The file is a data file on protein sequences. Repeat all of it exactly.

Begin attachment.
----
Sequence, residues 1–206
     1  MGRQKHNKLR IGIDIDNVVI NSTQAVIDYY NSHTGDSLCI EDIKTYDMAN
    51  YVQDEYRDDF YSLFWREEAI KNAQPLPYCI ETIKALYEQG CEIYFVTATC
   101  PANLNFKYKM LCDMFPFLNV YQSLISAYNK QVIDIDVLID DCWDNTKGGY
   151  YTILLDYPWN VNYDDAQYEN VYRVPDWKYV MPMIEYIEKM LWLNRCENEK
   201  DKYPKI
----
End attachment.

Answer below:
Sequence, residues 1–206
     1  MGRQKHNKLR IGIDIDNVVI NSTQAVIDYY NSHTGDSLCI EDIKTYDMAN
    51  YVQDEYRDDF YSLFWREEAI KNAQPLPYCI ETIKALYEQG CEIYFVTATC
   101  PANLNFKYKM LCDMFPFLNV YQSLISAYNK QVIDIDVLID DCWDNTKGGY
   151  YTILLDYPWN VNYDDAQYEN VYRVPDWKYV MPMIEYIEKM LWLNRCENEK
   201  DKYPKI